Public reports from the African Union, United Nations and human rights groups have clearly established the climate of fear and intimidation the NSS created in South Sudan. UN Panel of Experts reports from 2015 and 2016 detailed ongoing human rights abuses and power consolidation by the NSS through its crackdowns on journalists, humanitarian workers and anyone voicing opposition to the government. Punitive measures included harassment, illegal detention, torture, extraterritorial kidnapping and extrajudicial killings.91 According to a report by Amnesty International, “South Sudan’s authorities, especially the National Security Service (NSS) have harassed, intimidated and arbitrarily detained journalists while the government has failed to pass key laws to protect freedom of expression.”92 Widespread reports have detailed how the NSS successfully lobbied to get a new national security bill passed that granted the intelligence service sweeping powers to surveil, detain and seize the property of those suspected of wrongdoing without guaranteeing them any right to due process.
93 This year, the UN Commission on Human Rights reported that the NSS’s conduct is turning South Sudan “into a police state built on fear and corruption.
94. Vukani’s joint venture with the NSS was being forged just as debate about South Sudan’s National Security Service Law intensified. “The bill would allow the security service virtually unfettered authority to arrest and detain suspects, monitor communications, conduct searches and seize property,” Human Rights Watch said in a statement at the time the bill was being debated.
95. Giving the NSS extraordinary powers without adequate safeguards will lead to abuses of power and violations of human rights,” warned Edmund Yakani, coordinator of South Sudan’s Community Empowerment for Progress Organization (CEPO).
96. The Sentry has identified a network of companies under NSS control, several of which have covert partnerships with foreign investors. The UN Panel of Experts also reported on the existence of this network of companies.
97. They include Sudd Security, which operates in the oil field, as well as Sudd Property and Security, National Gas and Oil Co., and Sudd Security & Investment.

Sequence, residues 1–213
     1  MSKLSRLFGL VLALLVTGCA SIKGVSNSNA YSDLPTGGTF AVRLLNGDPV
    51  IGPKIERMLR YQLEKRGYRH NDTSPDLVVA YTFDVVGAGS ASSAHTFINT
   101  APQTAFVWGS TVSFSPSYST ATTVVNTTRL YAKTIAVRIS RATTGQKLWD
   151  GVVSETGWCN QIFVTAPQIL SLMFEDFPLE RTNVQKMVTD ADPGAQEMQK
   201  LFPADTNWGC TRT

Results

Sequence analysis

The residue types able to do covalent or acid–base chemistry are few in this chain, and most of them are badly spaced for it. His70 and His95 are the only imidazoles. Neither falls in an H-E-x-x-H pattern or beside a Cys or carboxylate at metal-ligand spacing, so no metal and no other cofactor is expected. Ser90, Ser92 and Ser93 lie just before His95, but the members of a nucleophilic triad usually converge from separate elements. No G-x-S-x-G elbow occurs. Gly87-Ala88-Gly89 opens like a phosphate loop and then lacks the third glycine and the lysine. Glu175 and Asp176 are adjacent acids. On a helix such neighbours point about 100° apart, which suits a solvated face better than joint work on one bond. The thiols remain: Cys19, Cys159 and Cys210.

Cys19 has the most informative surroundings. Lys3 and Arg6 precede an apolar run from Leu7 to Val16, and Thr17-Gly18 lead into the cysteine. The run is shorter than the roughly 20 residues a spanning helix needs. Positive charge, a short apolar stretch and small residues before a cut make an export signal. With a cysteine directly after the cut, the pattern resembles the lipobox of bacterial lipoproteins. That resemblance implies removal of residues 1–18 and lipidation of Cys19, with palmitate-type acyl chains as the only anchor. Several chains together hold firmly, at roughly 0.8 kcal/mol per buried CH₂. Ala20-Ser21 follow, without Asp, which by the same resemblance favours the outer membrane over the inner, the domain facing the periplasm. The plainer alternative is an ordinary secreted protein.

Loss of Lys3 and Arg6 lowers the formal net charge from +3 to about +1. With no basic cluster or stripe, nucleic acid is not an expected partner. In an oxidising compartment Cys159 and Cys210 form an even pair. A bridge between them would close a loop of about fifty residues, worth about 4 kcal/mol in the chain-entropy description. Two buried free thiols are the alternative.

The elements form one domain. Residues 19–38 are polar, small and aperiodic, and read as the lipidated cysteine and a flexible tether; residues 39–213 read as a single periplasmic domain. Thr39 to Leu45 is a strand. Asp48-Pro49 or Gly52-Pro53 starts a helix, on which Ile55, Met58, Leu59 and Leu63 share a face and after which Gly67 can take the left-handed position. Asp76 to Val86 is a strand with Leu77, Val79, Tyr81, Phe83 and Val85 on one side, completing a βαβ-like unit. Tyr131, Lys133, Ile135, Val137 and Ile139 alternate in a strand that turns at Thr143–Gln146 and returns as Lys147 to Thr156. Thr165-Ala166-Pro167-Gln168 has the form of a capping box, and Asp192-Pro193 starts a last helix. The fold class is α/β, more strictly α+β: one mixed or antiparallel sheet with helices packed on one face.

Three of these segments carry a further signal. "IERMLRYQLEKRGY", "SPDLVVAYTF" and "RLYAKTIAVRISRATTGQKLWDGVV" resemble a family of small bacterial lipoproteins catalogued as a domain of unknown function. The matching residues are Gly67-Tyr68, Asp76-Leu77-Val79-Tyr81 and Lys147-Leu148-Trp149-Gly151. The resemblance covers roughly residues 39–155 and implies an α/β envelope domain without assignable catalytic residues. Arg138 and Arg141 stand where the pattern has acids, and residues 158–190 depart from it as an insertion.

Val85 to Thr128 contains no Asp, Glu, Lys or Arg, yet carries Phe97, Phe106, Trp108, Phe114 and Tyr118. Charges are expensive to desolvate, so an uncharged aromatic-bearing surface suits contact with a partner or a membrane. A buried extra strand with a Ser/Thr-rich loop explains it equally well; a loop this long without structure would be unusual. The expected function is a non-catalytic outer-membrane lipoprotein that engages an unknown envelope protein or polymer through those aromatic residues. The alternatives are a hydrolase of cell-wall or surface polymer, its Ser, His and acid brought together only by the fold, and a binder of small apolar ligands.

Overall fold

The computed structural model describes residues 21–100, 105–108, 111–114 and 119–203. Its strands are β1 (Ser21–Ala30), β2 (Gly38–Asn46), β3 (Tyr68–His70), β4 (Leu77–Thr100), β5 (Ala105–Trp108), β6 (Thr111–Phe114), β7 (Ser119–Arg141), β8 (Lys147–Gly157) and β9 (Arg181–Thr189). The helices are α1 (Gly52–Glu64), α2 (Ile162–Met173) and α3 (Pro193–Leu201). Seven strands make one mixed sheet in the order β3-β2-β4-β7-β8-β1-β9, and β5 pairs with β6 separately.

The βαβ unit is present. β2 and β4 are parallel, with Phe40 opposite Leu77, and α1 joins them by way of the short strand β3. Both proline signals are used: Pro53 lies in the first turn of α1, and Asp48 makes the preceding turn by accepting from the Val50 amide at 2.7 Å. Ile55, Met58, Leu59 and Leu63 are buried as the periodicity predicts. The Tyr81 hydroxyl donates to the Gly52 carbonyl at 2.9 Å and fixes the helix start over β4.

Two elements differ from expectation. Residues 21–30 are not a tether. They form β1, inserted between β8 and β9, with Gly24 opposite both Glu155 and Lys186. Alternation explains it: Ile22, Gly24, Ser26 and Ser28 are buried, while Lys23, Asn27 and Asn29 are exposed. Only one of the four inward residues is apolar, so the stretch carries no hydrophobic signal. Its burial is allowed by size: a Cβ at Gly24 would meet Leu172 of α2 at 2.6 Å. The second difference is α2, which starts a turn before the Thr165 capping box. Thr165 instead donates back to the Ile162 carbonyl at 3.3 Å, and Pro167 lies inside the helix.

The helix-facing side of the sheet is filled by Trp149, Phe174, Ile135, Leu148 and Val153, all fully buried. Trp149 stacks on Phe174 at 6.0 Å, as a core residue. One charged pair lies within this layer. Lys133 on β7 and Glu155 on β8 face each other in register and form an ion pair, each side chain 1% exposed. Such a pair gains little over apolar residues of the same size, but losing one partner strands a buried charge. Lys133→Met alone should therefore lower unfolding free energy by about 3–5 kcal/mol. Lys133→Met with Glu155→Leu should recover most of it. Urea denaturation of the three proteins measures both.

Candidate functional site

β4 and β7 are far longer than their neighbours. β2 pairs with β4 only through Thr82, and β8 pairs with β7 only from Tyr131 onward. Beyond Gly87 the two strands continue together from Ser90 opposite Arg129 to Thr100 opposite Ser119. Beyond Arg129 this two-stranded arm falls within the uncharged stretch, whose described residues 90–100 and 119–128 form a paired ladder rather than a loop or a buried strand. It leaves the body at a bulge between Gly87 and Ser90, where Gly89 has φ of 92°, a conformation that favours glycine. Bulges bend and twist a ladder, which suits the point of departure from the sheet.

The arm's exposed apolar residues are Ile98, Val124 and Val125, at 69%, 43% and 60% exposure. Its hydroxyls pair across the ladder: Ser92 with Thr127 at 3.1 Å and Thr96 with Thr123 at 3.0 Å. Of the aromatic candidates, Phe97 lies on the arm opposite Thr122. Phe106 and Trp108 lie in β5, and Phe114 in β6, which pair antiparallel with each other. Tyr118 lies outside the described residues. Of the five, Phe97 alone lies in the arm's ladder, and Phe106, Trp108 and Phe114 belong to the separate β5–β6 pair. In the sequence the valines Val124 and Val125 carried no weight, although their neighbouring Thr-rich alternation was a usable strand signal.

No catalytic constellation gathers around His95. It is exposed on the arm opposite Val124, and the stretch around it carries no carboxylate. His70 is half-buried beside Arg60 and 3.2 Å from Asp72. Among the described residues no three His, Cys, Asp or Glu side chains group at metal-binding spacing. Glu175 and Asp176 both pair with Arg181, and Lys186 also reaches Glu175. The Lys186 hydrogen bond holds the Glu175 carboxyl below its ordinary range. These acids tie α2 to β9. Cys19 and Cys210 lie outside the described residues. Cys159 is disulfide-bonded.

98. Through Sudd Security, the NSS has established partnerships with several private security companies owned by non- South Sudanese nationals. These include Pinnacle Security—a partnership with a Ugandan private security firm—and Deway Security, a tieup with a Chinese private security firm of the same name.
99. Memoranda from the NSS attached to incorporation documents state that each company must first agree to partner with the NSS, through Sudd Security, before being incorporated. 100 In response to questions posed by The Sentry, Pinnacle’s representative denied that the company ever entered into a joint venture with, or provided any services to, Sudd Security or the NSS.
In the heat of the civil war, several foreign companies operating in South Sudan thus lent their support to the NSS, an agency that has played a leading role in human rights abuses against the civilian population.
American Arms Dealer, South Sudanese Warlord
In early 2018, Ara Dolarian, an American arms dealer tried to sell $43 million worth of weapons to General Paul Malong, a South Sudanese warlord ousted from the government who was in the process of forming an armed opposition movement in Kenya, according to a filing by US federal prosecutors in the Eastern District of California. Dolarian
was charged on May 15, 2019 with “illegally brokering the sale of military-grade arms and munitions, money laundering and conspiracy.”101 In June 2019, Dolarian pleaded guilty to one count of conspiracy to violate the Arms Export Control Act.102 American arms dealer Ara Dolarian tried to sell $43 million worth of weapons to General Paul Malong.
An invoice on Dolarian Capital letterhead addressed to Paul Malong lists $43.2 million worth of weapons and ammunition, including mortar systems, RPG launchers, assault rifles and ZU-23 mobile anti-aircraft guns. According to the invoice, the
weapons were to be sold to First Monetary Security Limited, a Kenyan company ostensibly linked to Malong, illustrating how foreign companies can be used to facilitate weapons transfers.103 This attempted weapons deal suggests that Malong retained access to a significant amount of funds following his departure from Juba. Since he used a Kenyan company to set up the deal, Kenya could potentially investigate the company involved and the source of funds.